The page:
Not that Napster was some avenging angel, raining down digital retribution on the abusive media companies. Broadband and decent compression were the tinder and Napster was one spark among many — but it’s true that Warner Brothers, EMI, and all the others have been trying to put out the fire ever since. Once digital distribution was out of the box, there was no putting it back in. (At the bottom of the box in the legend of Pandora, there was the pale specter of Hope; for the studios, the last thing left in the box was “modest profits,” and they have yet to truly accept this.)
Interestingly, now, the roles are reversed. In the early 2000s, technology allowed people to get a jump on “The Man” and force an industry into accepting the modern era. Now it’s the other way around: the technology we’ve trusted has gotten a jump on us and is forcing us to rethink the choices that led us into this undesirable position. And until we take control, we’re just going to keep getting abused — again, and again, and again. In a way, we want the opposite of Pandora’s box. Something that, once shut, no one can open but us: Pandora’s lockbox.
So here we are, cursing the gods and waiting for Prometheus to deliver us from our servile dependence.
Where’s the big idea, the big change that obsoletes the idea of trading privacy for convenience, and moots every standard cyber-eavesdropping technique in the NSA’s playbook? The thing that gives people the same confidence in the security of their data as walls give them in the security of their homes?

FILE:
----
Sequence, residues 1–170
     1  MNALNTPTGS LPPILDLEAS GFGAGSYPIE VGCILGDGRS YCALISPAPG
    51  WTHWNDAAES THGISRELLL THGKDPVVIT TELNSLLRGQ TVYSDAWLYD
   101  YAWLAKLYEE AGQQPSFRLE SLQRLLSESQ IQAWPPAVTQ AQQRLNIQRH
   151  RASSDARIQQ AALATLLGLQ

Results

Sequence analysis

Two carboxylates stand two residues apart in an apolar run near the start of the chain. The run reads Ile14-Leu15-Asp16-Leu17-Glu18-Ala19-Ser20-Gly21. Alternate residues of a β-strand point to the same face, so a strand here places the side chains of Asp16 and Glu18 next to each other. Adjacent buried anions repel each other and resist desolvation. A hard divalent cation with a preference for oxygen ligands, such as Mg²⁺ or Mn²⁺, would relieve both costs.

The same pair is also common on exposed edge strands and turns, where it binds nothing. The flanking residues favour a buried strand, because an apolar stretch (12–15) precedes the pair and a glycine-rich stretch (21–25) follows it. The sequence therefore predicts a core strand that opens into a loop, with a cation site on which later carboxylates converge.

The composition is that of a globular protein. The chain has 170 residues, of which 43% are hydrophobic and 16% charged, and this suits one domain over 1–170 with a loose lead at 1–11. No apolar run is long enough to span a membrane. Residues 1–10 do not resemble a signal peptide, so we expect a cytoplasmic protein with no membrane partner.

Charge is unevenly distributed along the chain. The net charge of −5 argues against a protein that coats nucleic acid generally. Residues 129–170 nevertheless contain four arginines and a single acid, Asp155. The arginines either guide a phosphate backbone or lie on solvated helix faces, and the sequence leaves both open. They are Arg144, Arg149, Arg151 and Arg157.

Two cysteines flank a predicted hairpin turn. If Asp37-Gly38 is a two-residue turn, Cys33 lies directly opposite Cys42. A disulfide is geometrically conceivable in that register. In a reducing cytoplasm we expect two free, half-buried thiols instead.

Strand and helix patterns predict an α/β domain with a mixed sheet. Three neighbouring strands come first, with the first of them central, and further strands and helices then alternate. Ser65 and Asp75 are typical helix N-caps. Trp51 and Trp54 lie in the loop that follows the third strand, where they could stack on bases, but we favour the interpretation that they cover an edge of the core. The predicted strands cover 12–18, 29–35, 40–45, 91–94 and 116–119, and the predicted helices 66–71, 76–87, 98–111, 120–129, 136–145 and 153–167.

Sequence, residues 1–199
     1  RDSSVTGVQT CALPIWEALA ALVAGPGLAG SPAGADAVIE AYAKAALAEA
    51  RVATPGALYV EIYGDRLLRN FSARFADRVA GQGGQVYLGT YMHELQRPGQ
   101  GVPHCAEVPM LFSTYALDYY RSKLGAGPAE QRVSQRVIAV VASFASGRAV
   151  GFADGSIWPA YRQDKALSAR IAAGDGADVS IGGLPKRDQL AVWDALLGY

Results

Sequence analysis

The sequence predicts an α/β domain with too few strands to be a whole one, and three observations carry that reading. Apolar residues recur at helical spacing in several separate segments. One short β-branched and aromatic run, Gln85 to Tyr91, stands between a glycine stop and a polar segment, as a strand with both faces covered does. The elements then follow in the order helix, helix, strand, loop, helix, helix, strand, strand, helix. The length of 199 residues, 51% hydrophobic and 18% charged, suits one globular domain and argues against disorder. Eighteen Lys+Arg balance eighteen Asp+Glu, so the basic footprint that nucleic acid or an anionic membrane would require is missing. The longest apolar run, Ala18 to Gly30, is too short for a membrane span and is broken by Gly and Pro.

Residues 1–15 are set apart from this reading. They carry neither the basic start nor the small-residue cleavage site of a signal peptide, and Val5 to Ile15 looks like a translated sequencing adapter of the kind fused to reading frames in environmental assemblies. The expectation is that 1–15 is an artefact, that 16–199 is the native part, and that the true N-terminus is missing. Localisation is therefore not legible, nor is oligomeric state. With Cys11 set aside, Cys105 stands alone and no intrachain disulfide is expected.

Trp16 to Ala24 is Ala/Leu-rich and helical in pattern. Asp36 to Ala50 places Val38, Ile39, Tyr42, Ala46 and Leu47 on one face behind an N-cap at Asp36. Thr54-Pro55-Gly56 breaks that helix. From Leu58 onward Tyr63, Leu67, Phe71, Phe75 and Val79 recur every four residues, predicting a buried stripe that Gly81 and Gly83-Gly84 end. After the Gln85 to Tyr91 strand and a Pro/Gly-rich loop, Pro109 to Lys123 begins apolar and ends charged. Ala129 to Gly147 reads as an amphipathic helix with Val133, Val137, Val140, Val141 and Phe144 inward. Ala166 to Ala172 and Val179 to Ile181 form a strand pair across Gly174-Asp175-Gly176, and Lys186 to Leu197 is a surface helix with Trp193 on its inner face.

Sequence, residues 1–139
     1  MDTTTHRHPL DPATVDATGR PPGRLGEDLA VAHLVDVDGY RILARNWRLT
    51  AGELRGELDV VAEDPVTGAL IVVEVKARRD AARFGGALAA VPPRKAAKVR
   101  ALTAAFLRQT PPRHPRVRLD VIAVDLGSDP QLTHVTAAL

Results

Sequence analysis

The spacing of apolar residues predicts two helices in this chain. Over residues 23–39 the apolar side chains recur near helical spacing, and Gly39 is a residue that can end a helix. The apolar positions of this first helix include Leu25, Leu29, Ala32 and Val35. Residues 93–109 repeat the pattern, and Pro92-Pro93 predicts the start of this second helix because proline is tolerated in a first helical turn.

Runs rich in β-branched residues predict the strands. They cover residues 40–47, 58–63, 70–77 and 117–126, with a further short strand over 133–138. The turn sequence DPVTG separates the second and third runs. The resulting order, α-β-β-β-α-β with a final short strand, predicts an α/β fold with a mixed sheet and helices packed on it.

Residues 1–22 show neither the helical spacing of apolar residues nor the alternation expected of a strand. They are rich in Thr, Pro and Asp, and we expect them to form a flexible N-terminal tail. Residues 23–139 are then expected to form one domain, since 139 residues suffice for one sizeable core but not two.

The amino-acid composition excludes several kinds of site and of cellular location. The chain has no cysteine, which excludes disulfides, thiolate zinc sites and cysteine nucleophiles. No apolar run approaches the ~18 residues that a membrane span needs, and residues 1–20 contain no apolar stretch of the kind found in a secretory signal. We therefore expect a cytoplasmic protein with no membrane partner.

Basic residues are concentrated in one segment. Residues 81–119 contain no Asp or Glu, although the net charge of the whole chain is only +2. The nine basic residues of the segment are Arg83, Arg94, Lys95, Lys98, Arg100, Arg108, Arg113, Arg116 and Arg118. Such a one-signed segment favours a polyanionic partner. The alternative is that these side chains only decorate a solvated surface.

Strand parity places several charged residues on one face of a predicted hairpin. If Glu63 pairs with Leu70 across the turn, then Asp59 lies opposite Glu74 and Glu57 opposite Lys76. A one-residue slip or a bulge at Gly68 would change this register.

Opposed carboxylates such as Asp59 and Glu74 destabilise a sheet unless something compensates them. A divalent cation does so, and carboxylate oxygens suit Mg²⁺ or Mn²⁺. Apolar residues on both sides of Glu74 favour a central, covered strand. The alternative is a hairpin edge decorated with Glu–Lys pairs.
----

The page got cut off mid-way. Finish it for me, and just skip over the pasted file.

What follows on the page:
What will be the combination of new (or forgotten) technologies or ideas that produces something totally unexpected? Will it be personal encryption keys and mesh networks? Will it be self-hosted data havens? Quantum transistors? Smoke signals?
I wish I had a better idea. But over a huge proportion of the web-oriented sites, startups, and new technologies I’ve encountered during the last decade has been aimed at microscopic conveniences, further abstraction of possession and control, and iteration of existing services — fundamental problems intact. Their primary improvement has been platitudes on the landing page. I realize this is a bit “We can put a man on the moon, but we can’t do this?” but the direction of development in the tech sector really does seem geared towards trivialities.
I don’t have answers, but I can at least speculate. I believe we are going to decentralize and cellularize once we realize how needlessly dependent on distant and dubiously beneficial third parties. Why are the equivalent your Facebook timeline, your Google Docs items, your Instagram account being stored and served by anyone other than yourself? One breakthrough will be in making a self-hosted and totally secure email address, Dropbox clone, or what have you as easy as signing up for an email address, and as simple to operate.
The other breakthrough I expect will be a tool that renders of data transmitted to and held by third parties totally unintelligible to them, like files stored on Mega. Mega did it to avoid self-incrimination. We will do it to prevent the likes of Facebook and Apple from even seeing the information they once held hostage. If that means the collapse of countless companies that rely on such methods — good. Their service was a bad service and I hope they break when they hit the bottom.
The networks that we have come to rely on were once only possible through powerful intermediaries. But what was once symbiotic has become parasitic, and those intermediaries have now outlasted their usefulness and squandered whatever trust they conned out of us when we were given the choice between tainted privilege and safe obsolescence.
We did it their way. It’s time to take the highway.